Return to Transcripts main page


Interview with Ben Carson; Results of Iowa Caucuses Examined; Health Officials: U.S. Zika Case Sexually Transmitted; Official: VA Tech Student Stabbed Teen To Death. Aired 4:30-5p ET

Aired February 2, 2016 - 16:30   ET



JAKE TAPPER, CNN: And I realize you're an outsider candidate. But it is rather unusual that you're not in New Hampshire right now. We are in the thick of the campaign. Your explanation, that you need some fresh clothes, is something that maybe your rivals, maybe other journalists on the campaign trail don't understand.

BEN CARSON, GOP PRESIDENTIAL CANDIDATE: Well, anybody who has been on the road for almost three weeks recognizes exactly what I'm talking about.

You need some fresh clothes. And it's not like you're going to be there forever. You're going there. It's pretty nice to actually sleep in your own bed every now and then. And if anybody can't understand that, I feel sorry for them.

TAPPER: Where does your campaign go from here, sir? I know that you're going to the prayer breakfast. I believe that's on Thursday. That's where you make your first big national splash by criticizing, albeit politely, President Obama and Obamacare.

What's next for you in terms of your schedule?

CARSON: Well, we're going there. Then we have a fund-raiser in North Carolina. And we're going to New Hampshire, and then we're going to South Carolina, and the whole thing starts up all over again.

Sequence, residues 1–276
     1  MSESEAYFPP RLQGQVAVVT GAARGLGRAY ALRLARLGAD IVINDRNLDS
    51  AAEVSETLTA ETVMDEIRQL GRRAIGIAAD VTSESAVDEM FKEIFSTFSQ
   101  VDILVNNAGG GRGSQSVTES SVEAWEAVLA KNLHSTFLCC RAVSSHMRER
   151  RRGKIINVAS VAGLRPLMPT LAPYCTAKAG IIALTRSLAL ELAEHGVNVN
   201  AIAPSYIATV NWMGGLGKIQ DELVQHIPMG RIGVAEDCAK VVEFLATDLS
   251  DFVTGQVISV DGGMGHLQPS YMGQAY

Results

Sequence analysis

TAPPER: Our recent CNN/WMUR poll shows you at 3 percent in New Hampshire. How do you turn that around? How do you get some momentum in the Granite State?

CARSON: Well, I think maybe talking about the policies and getting people to go to our Web site,, and look at our policies.

Look at our tax policy. Look at our economic revival policy, educational policies, policy to defeat ISIS. I think I have more policy than virtually anybody. And if people would look at it, I think they'd be quite favorably impressed.

TAPPER: Can you tell me a state that you think you might be able to win?

CARSON: Well, I think South Carolina is a real likelihood, once we really get there and start rolling.

There's going to be a lot of traction there, because there are a lot of people who are social conservatives and fiscal conservatives. And those are areas that tend to identify strongly with what I have to say.

TAPPER: All right, Dr. Ben Carson, thank you so much. We will see you on the campaign trail.

CARSON: All right, thanks so much, Jake.

TAPPER: His brand is winning. But, in Iowa, Trump came closer to third than first. Will the billionaire businessman change his strategy in New Hampshire to make sure he wins this one?

Then, the Dallas Health Department says it has confirmation of a case where the Zika virus was spread through sexual contact right here in the United States -- that alarming story coming up.



TAPPER: Welcome back to THE LEAD.

Let's do a little bit more on our politics lead, so many storylines coming out of the last night. Is Ted Cruz now the Republican front- runner? Will Donald Trump recapture his mojo with a New Hampshire win? Will Hillary Clinton's victory in Iowa help her in Sanders- friendly New Hampshire? So many mysteries.

Here to answer all our questions and more are CNN senior political analyst David Gergen, CNN political commentator Amanda Carpenter, and CNN political commentator Paul Begala.

David Gergen, let me start with you.

So many polls, including ours, showed Donald Trump winning. In the final tally last night, of course, he came closer to finishing third than he did to finishing first. What happened?

DAVID GERGEN, CNN SENIOR POLITICAL ANALYST: Well, he had a great air game and Ted Cruz had a great ground game. And one of the things we have learned in the Middle East is, if you have an air game, you can't win unless you also have boots on the ground. And he did not have that. He just didn't have the forces on the ground to compete with Ted Cruz.